A few days ago, we were entertained with a lavish meal, of all things, in a wedding banquet hall. Being the first customers that evening, we ate in this huge wide open space.
One by one, the dishes arrived. To me, that’s a lot of cholesterol in one shot. But I couldn’t get enough of hospitality and genuine friendship despite the poorly executed ambience (they could have partitioned the hall to get better ambience).
Human connection more than often transpires space and time. Two friends can pick up where they left off last time, be that a decade or 40 years in between. The old “bookmark” was a good place to start. From there, it’s time to mine empathy from those of the same frame of reference (in Netherland, the writer touched on an emotional soft spot often experienced by immigrants in America). It’s still unclear whether brave decisions, like that of Steve McQueen in Le Papillon ( to escape 7 times) was better than that of Dustin Hoffman‘s (to stay and plant tomatoes).
During and after the war, millions of Vietnamese scattered to the four winds, to neighboring countries or far-away ones (I met a family who open a restaurant in Cote d’Ivoire). I have seen how they shop, live and communicate (and sometimes, send back money). A notable experience was three-time evacuees from E New Orleans (North-South, East-West, and lately, Katrina returnees to rebuild more quickly than first-timers).
Given the historical context of getting “smoked out” of their villages, the Vietnamese overseas are quite brave in their own terms. The cultural gap couldn’t be wider (as compared to the wave of European who first arrived to the US .) Yet, they thrive and survive the down turn, sometimes, by doubling or tripling up. Not as physically strong as the Mexican day laborers, the Vietnamese average workers ended up in assembly lines (Silicon Valley in the 80’s, then scattered all over including RI) holding on to jobs that have yet been shipped to lower-wage countries. Once out of the box, Vietnamese women have stepped up to be leaders of the families.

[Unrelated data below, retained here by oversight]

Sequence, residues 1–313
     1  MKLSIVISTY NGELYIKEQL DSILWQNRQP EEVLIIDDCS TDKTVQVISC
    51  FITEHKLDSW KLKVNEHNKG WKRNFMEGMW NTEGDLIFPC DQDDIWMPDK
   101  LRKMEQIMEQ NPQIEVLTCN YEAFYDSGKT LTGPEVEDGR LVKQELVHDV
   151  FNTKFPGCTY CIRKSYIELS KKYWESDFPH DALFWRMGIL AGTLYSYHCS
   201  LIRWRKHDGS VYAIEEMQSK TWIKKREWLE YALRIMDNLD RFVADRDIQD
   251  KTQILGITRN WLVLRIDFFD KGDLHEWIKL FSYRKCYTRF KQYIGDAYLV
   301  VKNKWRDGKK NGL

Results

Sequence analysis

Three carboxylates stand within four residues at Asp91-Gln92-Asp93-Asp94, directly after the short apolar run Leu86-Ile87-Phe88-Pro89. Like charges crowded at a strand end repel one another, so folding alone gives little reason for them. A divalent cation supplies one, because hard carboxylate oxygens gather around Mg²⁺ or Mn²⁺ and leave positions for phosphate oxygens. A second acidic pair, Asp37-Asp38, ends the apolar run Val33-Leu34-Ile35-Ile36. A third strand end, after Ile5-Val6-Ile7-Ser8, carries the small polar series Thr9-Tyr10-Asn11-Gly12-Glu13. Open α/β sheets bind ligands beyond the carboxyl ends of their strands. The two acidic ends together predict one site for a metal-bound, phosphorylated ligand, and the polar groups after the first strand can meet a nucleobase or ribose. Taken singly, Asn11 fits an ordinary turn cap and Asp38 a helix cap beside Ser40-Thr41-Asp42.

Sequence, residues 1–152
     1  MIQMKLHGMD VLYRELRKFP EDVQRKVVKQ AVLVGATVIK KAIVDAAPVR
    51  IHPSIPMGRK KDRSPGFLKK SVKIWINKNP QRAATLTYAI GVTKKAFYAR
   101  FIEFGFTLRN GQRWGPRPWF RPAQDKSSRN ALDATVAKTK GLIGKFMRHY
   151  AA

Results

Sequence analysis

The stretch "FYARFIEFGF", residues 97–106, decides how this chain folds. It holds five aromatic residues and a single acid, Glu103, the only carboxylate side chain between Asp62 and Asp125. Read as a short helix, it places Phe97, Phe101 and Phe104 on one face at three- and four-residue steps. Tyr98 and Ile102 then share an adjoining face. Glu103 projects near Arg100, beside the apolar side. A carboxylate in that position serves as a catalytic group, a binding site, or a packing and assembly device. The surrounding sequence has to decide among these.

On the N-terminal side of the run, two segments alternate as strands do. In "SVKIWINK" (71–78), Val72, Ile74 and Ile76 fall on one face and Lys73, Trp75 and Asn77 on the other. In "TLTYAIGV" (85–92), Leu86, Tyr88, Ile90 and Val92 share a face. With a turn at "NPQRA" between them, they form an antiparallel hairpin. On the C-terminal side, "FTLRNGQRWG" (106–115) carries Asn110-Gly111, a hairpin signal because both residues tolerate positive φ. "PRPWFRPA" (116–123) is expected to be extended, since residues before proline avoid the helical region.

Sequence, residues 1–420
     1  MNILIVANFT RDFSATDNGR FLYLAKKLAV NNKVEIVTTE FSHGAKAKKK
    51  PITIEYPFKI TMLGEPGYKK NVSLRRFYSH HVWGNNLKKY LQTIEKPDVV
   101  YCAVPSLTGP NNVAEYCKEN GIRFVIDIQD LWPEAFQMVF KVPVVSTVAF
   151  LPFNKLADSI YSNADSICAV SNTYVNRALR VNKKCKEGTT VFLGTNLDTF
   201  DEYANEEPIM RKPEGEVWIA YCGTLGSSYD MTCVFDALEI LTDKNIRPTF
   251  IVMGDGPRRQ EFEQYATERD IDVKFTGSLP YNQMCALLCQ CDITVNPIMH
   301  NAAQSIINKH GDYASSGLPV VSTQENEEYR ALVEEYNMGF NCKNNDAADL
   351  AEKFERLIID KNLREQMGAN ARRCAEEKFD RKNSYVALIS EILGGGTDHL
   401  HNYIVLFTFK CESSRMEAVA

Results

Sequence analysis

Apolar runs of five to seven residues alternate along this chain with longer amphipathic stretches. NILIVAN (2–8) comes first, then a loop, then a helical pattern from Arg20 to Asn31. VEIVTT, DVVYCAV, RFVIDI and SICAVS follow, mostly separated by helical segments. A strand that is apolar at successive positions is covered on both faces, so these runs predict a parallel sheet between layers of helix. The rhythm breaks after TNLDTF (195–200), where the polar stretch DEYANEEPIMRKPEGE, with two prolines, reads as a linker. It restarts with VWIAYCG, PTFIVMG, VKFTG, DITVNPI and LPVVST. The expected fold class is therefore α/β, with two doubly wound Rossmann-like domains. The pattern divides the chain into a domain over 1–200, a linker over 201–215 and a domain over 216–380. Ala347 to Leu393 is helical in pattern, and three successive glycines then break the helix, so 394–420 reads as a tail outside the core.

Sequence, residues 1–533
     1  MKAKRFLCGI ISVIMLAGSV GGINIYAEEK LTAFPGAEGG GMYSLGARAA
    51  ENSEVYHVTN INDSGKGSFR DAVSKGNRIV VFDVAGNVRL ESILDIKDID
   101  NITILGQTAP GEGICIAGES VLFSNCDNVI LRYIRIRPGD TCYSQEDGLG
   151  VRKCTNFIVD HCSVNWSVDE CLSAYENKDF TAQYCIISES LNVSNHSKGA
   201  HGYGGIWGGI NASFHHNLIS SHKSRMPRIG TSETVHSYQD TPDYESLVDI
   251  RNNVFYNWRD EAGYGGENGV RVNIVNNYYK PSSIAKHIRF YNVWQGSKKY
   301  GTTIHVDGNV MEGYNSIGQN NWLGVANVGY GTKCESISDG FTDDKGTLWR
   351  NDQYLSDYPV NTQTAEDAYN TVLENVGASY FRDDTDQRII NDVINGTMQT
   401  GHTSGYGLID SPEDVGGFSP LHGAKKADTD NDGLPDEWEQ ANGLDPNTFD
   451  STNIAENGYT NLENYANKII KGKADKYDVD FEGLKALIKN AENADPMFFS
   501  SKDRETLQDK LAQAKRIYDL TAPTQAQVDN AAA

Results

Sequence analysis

En par with American counterparts, they juggle cultural expectations, career choice (majority of whom as manicurists) and family obligation (in-laws living under the same roof). I have observed first-hand how my mom, a woman of mere 5 feet, tackle those various demands. In her lifetime, she faced two evacuations, spoke two languages and still managed to amass a huge savings from three decades of school teaching. It’s ashamed that those piles of money had to be tossed at seas during our trip to America.
Still, the grace and courtesy follow these women to strange shores. There, once again, they hold the steady hands of paying customers, assuring them that life can always get better, all along, bluffing and buffing. To them, no matter how it was inside, it is mandatory to show only their outward pleasantry.
(Yoko recounted this in her NYT op-ed, that her late husband JL, protected her still to this day, every time she put on the shaded designer glasses to face the world, “don’t let them know they got you”).
Who would know, behind those nail polishes are stories of left-behind treasures and broken dreams, and the smiles served as bribes to a better life. I owe this to one of those amazing women. Always pleasant with an enigmatic smile large enough to cover all the years of sorrow and struggle. The Vietnamese pleasantry.